The federal judgment has extinguished the substance of appellants' antitrust claims, finally and conclusively. [ Id. at 1433; emphasis supplied]
See also Woods Exploration & Producing Co. v. Aluminum Company of America, 438 F.2d 1286, 1312-23, 1315 (5 Cir.1971) (res judicata precludes litigation of state antitrust claim in state court based on judgment rendered in federal court on federal antitrust claim if state and federal claims involve "substantially the same wrongs measured by similar standards of liability").
Moitie is completely dispositive of plaintiffs' state antitrust claim herein. Accordingly, plaintiffs' state antitrust claim is barred by the principle of res judicata.
Plaintiffs' State Antitrust Claim is also Barred by Doctrine of Collateral Estoppel.
Plaintiffs' state antitrust claim is also barred by the doctrine of "collateral estoppel," which precludes relitigation of
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the same issues of fact or law actually decided in a prior action between the same parties.
The district court held, as a matter of law, that plaintiffs lacked "antitrust standing" to assert their antitrust claims under § 4 of the Clayton Act, 15 U.S.C.A. § 15, which provides a private federal remedy for "any person who shall be injured in his business or property by reason of anything forbidden in the antitrust laws." Plaintiffs now seek to pursue a private antitrust remedy for the exact same claim under § 12(a) of the New Jersey act. Section 12(a) creating the state private right of action, is virtually identical to § 4 of the Clayton Act. As a matter of law, because the district court held that plaintiffs lack "antitrust standing" under the Clayton act, they also lack "antitrust standing" under the New Jersey act.
Collateral estoppel bars relitigation in a subsequent action of any issue of law or fact actually determined in a prior suit between the same parties. Allesandra v. Gross, 187 N.J. Super. 96, 103 (App.Div.1982); State v. Gonzalez, 75 N.J. 181 (1977); Mazzilli v. Accident & Casualty Ins. Co., 26 N.J. 307, 313-314 (1958).
New Jersey follows precisely the formulation developed in the Restatement, Judgments 2d, § 27, as follows:
When an issue of fact or law is actually litigated and determined by a valid and final judgment, and the determination is essential to the judgment, the determination is conclusive in a subsequent action between the parties, whether on the same or a different claim. [at p. 250]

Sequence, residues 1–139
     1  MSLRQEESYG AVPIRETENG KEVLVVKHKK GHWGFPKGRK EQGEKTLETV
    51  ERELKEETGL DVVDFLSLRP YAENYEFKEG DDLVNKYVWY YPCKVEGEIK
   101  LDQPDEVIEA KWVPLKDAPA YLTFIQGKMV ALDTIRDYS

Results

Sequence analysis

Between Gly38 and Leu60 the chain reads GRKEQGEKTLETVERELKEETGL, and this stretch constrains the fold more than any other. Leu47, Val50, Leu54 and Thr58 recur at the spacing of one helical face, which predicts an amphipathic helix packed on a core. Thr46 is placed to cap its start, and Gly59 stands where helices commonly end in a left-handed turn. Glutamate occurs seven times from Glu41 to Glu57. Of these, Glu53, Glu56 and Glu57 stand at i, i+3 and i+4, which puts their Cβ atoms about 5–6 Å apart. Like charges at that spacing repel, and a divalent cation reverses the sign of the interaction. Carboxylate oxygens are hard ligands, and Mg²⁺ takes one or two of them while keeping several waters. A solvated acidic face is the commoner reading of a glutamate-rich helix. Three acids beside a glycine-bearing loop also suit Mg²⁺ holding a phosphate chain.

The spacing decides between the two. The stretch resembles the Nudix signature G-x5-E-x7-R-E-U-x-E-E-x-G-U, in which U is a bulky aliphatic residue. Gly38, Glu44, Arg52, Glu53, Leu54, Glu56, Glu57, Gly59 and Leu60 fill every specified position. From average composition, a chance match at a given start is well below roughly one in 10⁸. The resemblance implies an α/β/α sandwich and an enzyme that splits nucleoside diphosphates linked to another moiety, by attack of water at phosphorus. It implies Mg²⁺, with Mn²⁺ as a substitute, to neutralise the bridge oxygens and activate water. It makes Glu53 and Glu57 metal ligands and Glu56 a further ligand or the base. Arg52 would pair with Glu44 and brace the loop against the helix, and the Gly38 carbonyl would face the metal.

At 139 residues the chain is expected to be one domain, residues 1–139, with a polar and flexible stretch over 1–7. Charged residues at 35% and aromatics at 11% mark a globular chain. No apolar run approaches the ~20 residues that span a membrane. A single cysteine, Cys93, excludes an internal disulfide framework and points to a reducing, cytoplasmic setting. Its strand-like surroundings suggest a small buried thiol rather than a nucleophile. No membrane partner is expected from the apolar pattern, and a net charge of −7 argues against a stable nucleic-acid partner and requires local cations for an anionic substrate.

This rule precludes relitigation of issues actually litigated and determined in the first action. Restatement, Judgments 2d, § 27, Comment (b). Preclusion applies to issues of "evidentiary fact," of "ultimate fact," or of "law." Id., Comment (c). Under the rule, a judgment is "final" even if pending on appeal. Restatement, Judgments 2d, § 13, Comments (b) and (f), § 16, Comments (a), (b) and (c). See also Southern Pacific Communications Co. v. AT & T Co., 740 F.2d 1011, 1018 (D.C.Cir.1984); Huron Holding Corp. v. Lincoln Mine Operating Co., 312 U.S. 183, 189, 61 S. Ct. 513, 515, 85 L. Ed. 2d 725, 730 (1941).
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Preclusion of relitigation of the "antitrust standing" issue is required here because the overlaps between plaintiffs' allegations in the federal action and this action are complete and total. Both actions involve the identical factual allegations and concern the very same transactions and occurrences between the very same parties. Thus, there is a total identity between the claims here and the claims in the federal action, making the application of collateral estoppel "plainly appropriate." Id., § 27, Comment (c).
The first requirement for collateral estoppel, that the issue was "actually litigated" in the first action, is clearly satisfied in this case. In order to have been "actually litigated," an issue must have been properly raised, by the pleadings or otherwise, submitted for determination, and determined. The inquiry "must always be as to the point or question actually litigated and determined in the original action." Allesandra, supra, 187 N.J. Super. at 104; Mazzilli, supra, 26 N.J. at 314. Thus, comment (d) to § 27 of the Restatement, supra, states:
When an issue is properly raised, by the pleadings or otherwise, and is submitted for determination, and is determined, the issue is actually litigated within the meaning of this Section. An issue may be submitted and determined on a motion to dismiss for failure to state a claim, a motion for judgment on the pleadings, a motion for summary judgment, a motion for directed verdict, or their equivalents, as well as on a judgment entered on a verdict. A determination may be based on a failure of pleading or of proof as well as on the sustaining of the burden of proof.